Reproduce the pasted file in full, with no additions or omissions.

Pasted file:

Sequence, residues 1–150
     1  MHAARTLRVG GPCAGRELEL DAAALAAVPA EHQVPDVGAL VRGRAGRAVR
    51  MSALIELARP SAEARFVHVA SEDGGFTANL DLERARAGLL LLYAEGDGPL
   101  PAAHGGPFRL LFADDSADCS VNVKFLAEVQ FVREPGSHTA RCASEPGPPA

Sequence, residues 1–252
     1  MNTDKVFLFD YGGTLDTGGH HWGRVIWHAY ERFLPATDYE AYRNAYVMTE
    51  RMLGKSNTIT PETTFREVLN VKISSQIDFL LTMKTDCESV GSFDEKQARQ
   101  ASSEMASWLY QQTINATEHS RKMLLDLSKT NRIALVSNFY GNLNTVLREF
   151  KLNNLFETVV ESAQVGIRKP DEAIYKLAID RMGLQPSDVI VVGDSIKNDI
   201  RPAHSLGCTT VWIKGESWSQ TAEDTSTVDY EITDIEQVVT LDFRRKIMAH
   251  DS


Sequence, residues 1–150
     1  MHAARTLRVG GPCAGRELEL DAAALAAVPA EHQVPDVGAL VRGRAGRAVR
    51  MSALIELARP SAEARFVHVA SEDGGFTANL DLERARAGLL LLYAEGDGPL
   101  PAAHGGPFRL LFADDSADCS VNVKFLAEVQ FVREPGSHTA RCASEPGPPA

Sequence, residues 1–252
     1  MNTDKVFLFD YGGTLDTGGH HWGRVIWHAY ERFLPATDYE AYRNAYVMTE
    51  RMLGKSNTIT PETTFREVLN VKISSQIDFL LTMKTDCESV GSFDEKQARQ
   101  ASSEMASWLY QQTINATEHS RKMLLDLSKT NRIALVSNFY GNLNTVLREF
   151  KLNNLFETVV ESAQVGIRKP DEAIYKLAID RMGLQPSDVI VVGDSIKNDI
   201  RPAHSLGCTT VWIKGESWSQ TAEDTSTVDY EITDIEQVVT LDFRRKIMAH
   251  DS